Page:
Remember reading about the Carnival Cruise Lines “poop cruise,” as it was dubbed? That was the Carnival Triumph cruise last February, when an engine room fire disabled the ship’s propulsion system, most of its power systems and its sewage system, causing the ship’s toilets to overflow, spewing feces into cabins which floated into the hallways.
Since that ill-fated cruise, there have been law suits brought against Carnival seeking compensation for passengers.
Attorneys for the cruise line have stated, in their client’s defense, the contract which passengers agree to when they bought their tickets,
“…makes absolutely no guarantee for safe passage, a seaworthy vessel, adequate and wholesome food, and sanitary and safe living conditions.”
Whether or not that’s true, it certainly won’t sit well with travelers considering a Carnival cruise.
Let’s take a look at what happened during the Carnival Triumph’s early February cruise.
A fire broke out in the aft engine room of the ship. While the fire was quickly and automatically extinguished, it resulted in a general loss of ship’s power and propulsion. No one was injured and emergency generators continued to provide some limited power. But, the ship was left adrift about 150 miles off the coast of the Yucatán Peninsula in the Gulf of Mexico.
Passengers on the ship described squalid conditions soon after the fire. The loss of power on the Triumph resulted in no air conditioning, no elevators and, worse, overflowing toilets in passenger areas. The kitchen had little power and couldn’t prepare hot meals. Some passengers reported that for a while, Triumph’s potable water system was inoperative.
Triumph cruiser, Bettina Rodriguez, said of her experience on the “poop cruise,”
“Just on our deck alone, there were the biohazard bags lined up across the floor. We’re talking about raw sewage at just the end of our deck alone. It was repulsive.”
Gary Keyes of Baton Rouge told a reporter,
“My wife (is) on this cruise and has said the conditions were horrible. No power, no water, having to use the bathroom in bags.”
Some passengers slept on the ship’s open decks rather than stay in their rooms because of the lack of air conditioning and unsanitary conditions on the decks where their cabins were located.
Today’s modern cruise ships utilize highly complex systems for propulsion, safety, food preparation and service, potable water, sewage service and safety, etc. These ships are, in essence, floating villages and, in some cases, floating cities — a few with a population approaching 8,000, counting passengers and crew.
I think we need to ask, can Carnival or any cruise line actually guarantee a safe passage, a seaworthy vessel, adequate and wholesome food and sanitary and safe living conditions? Guarantee is an awfully absolute word, so I’d say, “Generally no.” But, as Carnival stated to the court, Carnival “merely has to exercise a duty of reasonable care under the circumstances.” I wouldn’t quite put it that way, but I think that’s essentially the realistic requirement they must fulfill.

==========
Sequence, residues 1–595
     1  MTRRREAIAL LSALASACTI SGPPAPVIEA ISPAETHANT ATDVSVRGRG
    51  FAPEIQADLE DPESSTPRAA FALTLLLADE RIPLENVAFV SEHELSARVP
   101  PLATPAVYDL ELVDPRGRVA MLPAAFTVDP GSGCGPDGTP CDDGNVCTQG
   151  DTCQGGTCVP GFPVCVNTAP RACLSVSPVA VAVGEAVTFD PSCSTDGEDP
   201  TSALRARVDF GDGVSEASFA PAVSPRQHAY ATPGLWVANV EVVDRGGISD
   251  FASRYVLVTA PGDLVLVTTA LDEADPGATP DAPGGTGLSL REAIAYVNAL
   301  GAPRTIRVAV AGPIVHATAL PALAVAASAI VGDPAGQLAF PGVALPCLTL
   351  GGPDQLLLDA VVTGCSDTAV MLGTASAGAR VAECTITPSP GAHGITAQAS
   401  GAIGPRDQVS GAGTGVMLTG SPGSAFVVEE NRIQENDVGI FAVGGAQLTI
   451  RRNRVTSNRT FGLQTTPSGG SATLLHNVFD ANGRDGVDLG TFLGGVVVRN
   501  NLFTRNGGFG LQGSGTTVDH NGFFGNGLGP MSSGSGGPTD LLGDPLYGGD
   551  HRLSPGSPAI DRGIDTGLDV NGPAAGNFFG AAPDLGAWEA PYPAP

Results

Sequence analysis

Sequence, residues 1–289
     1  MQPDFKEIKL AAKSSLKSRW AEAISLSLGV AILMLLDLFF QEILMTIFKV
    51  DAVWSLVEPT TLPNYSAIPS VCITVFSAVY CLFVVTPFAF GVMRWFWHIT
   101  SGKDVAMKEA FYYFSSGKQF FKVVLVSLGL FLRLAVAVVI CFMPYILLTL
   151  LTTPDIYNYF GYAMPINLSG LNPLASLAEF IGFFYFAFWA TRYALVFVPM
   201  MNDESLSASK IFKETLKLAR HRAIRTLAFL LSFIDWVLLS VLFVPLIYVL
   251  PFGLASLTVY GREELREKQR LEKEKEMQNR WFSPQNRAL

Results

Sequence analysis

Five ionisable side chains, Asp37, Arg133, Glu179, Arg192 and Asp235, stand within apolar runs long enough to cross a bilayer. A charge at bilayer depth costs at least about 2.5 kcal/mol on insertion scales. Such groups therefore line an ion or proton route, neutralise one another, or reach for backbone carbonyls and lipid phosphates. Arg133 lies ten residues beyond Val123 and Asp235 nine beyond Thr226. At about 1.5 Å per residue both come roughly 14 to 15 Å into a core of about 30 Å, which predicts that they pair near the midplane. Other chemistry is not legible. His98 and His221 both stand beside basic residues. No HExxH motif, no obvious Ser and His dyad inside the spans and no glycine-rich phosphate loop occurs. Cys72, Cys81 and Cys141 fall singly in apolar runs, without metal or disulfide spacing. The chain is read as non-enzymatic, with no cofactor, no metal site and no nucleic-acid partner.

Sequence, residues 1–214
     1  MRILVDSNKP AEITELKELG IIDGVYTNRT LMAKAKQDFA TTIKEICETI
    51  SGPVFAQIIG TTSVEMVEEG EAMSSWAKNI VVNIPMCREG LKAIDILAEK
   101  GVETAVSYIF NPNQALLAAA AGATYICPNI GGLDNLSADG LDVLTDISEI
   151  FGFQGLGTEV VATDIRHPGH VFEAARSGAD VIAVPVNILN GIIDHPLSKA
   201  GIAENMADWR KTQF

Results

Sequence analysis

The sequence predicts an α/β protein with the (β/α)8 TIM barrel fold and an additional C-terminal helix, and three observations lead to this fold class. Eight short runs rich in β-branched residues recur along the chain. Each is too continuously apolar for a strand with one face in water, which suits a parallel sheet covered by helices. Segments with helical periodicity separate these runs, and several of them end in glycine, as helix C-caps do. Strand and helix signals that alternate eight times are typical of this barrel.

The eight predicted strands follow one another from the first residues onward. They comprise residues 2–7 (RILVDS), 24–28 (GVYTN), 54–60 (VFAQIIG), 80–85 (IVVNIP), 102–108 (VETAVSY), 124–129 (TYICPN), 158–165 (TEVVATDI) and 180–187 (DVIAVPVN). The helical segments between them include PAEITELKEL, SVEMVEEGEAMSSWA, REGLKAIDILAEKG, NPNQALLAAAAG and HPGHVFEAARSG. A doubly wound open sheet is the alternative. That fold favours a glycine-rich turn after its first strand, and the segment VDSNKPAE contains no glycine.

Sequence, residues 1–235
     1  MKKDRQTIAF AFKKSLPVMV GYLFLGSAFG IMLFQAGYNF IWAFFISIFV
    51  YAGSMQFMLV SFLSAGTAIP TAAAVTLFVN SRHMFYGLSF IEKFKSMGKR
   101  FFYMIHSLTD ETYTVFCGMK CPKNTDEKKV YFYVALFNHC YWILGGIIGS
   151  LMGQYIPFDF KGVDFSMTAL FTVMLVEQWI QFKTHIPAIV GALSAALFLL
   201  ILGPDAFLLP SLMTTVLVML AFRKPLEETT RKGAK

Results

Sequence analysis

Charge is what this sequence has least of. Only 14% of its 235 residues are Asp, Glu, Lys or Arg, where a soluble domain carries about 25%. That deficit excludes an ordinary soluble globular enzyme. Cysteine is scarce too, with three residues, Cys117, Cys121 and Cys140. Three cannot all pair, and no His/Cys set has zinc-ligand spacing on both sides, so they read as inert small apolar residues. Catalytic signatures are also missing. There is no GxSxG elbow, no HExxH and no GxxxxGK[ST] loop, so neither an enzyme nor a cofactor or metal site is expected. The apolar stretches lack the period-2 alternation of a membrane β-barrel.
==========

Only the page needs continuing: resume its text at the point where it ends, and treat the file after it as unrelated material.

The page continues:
The question then becomes, “What’s reasonable?”
Delving further into the Triumph “poop” cruise, we learn that,
1. Triumph set sail on the cruise with only four of six generators fully operational.
2. According to Staff Chief Engineer, Michele Bertella, in a report dated December, 2011, the Number 6 generator (the one which caught fire) was overdue for maintenance and not in compliance with SOLAS (Safety of Life at Sea) requirements. CNN has reported that Carnival maintenance documents, since then, indicate the maintenance on the generator was not completed as of the February sailing.
3. Carnival put out an advisory notice in February 2012, based on inspections of the Costa Allegra, which had a fire very similar to that on Triumph, stating that a number of specific upgrades to its flexible fuel lines were imperative.
4. Carnival’s maintenance reports indicate, despite nine incidents in just two years, resulting in fuel leaks associated with flexible fuel lines like those on Allegra and Triumph, that when Triumph sailed in February, not all work required by their advisory was completed. This indicates to me an institutional failing of Carnival, which should have ensured the work was completed long before this particular sailing.
5. Carnival insists the Triumph fire was an accident. Yet, Carnival has authorized $300 million for a fleet-wide safety upgrade, to prevent potential fire hazards in its engine rooms as occurred on Triumph.
The fire in Triumph made it impossible for the ship to sail under its own power, maintain the integrity of its potable water and sewage systems, and provide hot food to passengers and crew.
Based on the above information, did Carnival exercise their duty to provide reasonable care to ensure Triumph was a seaworthy vessel, provide adequate and wholesome food, and sanitary and safe conditions for its passengers?
I would respond with a resounding, “No.”
I don’t believe anyone could conclude that Carnival provided reasonable care, to the best of any cruise line’s ability, to provide a seaworthy and safe Triumph for its February, 2013 sailing.
Considering the seriousness of the problems encountered by passengers during Triumph’s February cruise, it’s my opinion the cruise industry, and Carnival in particular, must make serious institutional changes, to ensure they provide their passengers seaworthy and safe cruise ships, with reasonable diligence.